The fine achievements in car dynamics and mastering of car control to win a million races aren't the only source of fun in Gran Turismo 6 -- anyone can undertake a sidequest to get the perfect picture in photo mode.
GT6 offers two types of photography: Photo Travel and during replays. Photo Travel is best kept for another time, though, as you'll likely get far more fun out of race snaps than Photo Travel's static displays. In both contexts, Gran Turismo 6's photo mode is so close to Gran Turismo 5's that there aren't really any significant differences aside from some new filters.
However, Polyphony really takes simulation to heart, making sure that photo mode includes a simulated DSLR camera. It's a pretty straightforward affair -- leave the default settings as they are and you'll get some decent pics -- but there's plenty of experimentation and a few tips from real-world motorsport photography that can spice up those photos of beloved cars, tracks and racing action.
After you've finished a race, skip the finishing replay and then launch the 'proper' replay from the next menu screen. As soon as the replay begins, pause with Start and set the replay camera to exterior view (the chase cam). This will let you place yourself on the track and see where your car is in relation to others. When you want to photograph something, pause and select photo mode and get hyped for PHOTO TIME.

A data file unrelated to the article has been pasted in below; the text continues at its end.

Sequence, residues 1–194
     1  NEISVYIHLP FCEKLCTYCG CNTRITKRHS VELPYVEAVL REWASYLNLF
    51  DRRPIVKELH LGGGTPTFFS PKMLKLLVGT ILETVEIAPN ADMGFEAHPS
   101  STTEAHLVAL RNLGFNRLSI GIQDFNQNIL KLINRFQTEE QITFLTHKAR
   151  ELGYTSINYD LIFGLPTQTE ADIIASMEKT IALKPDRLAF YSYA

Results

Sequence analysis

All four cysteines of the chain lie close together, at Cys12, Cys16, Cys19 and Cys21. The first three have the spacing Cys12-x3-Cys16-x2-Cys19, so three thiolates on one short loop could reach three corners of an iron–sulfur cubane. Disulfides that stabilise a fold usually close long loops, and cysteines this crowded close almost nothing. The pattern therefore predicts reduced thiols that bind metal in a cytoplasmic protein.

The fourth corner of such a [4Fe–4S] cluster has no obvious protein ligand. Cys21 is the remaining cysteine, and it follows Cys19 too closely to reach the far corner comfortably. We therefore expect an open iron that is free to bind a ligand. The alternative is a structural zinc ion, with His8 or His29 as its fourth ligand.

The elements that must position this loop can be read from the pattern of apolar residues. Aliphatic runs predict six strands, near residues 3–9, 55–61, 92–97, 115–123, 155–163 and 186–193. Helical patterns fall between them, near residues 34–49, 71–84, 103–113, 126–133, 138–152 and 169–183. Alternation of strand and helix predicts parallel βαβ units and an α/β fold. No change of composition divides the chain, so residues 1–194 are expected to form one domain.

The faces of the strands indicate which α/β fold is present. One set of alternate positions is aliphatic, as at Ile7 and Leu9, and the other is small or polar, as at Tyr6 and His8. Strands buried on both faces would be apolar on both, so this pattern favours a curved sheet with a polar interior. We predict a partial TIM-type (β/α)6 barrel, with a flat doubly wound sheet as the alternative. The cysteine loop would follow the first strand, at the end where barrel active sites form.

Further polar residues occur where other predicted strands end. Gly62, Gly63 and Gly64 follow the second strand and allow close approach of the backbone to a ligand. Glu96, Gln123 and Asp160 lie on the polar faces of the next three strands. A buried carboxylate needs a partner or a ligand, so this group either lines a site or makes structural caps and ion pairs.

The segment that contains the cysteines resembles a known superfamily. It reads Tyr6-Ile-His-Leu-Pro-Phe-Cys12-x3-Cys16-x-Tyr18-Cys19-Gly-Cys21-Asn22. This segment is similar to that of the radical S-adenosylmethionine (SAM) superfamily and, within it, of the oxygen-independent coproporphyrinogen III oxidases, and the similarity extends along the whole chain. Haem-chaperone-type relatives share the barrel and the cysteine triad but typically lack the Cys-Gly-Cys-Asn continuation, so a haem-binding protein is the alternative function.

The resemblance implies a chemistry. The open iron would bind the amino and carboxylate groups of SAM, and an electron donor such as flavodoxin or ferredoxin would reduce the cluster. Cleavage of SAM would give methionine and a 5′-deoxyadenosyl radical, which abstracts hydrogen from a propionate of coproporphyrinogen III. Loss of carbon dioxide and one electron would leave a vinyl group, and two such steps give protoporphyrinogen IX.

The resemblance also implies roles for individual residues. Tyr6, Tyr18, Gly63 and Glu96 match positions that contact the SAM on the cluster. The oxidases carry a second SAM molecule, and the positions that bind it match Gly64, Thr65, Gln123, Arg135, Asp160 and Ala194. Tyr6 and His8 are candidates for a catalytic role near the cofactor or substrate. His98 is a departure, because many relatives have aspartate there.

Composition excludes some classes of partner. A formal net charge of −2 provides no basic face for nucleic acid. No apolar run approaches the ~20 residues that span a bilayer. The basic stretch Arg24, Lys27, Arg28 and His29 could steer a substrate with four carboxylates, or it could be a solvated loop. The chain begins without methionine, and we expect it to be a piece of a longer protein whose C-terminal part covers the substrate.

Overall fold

You'll be presented with a screen showing one or more viewpoints to chose from. The first one is a freely moveable camera, the others are static positions, often not as interesting. Pick the first option and find a rough position you want to photo from, then enter the camera mode proper. From here, you tighten up the details of your shot. If you want to make any major changes to camera position, back out to the previous menu and adjust. It's an awful lot faster and doesn't upset the framing and zoom bugs that have been faithfully carried over from GT5.
The frame's the game
The most important skill to learn is framing your composition. There are lots of rules to follow, but the simplest principles are often the best. For front-on car views, keep it central and let the car fill the frame. Here, we're not trying anything fancy, just a shot of the One-77 at Goodwood, leaning hard as it rockets terrifyingly out of a corner and into an off-track disqualification. To get the composition central, I put the Aston badge right in the middle of the viewfinder crosshairs, pressed square to autofocus and didn't have to worry about anything else.
But hold on -- what about framing some track action? Surely you can't just find a badge and everything works out by magic, right? Actually, when there are multiple cars in a frame, you're better off centring on a headlight.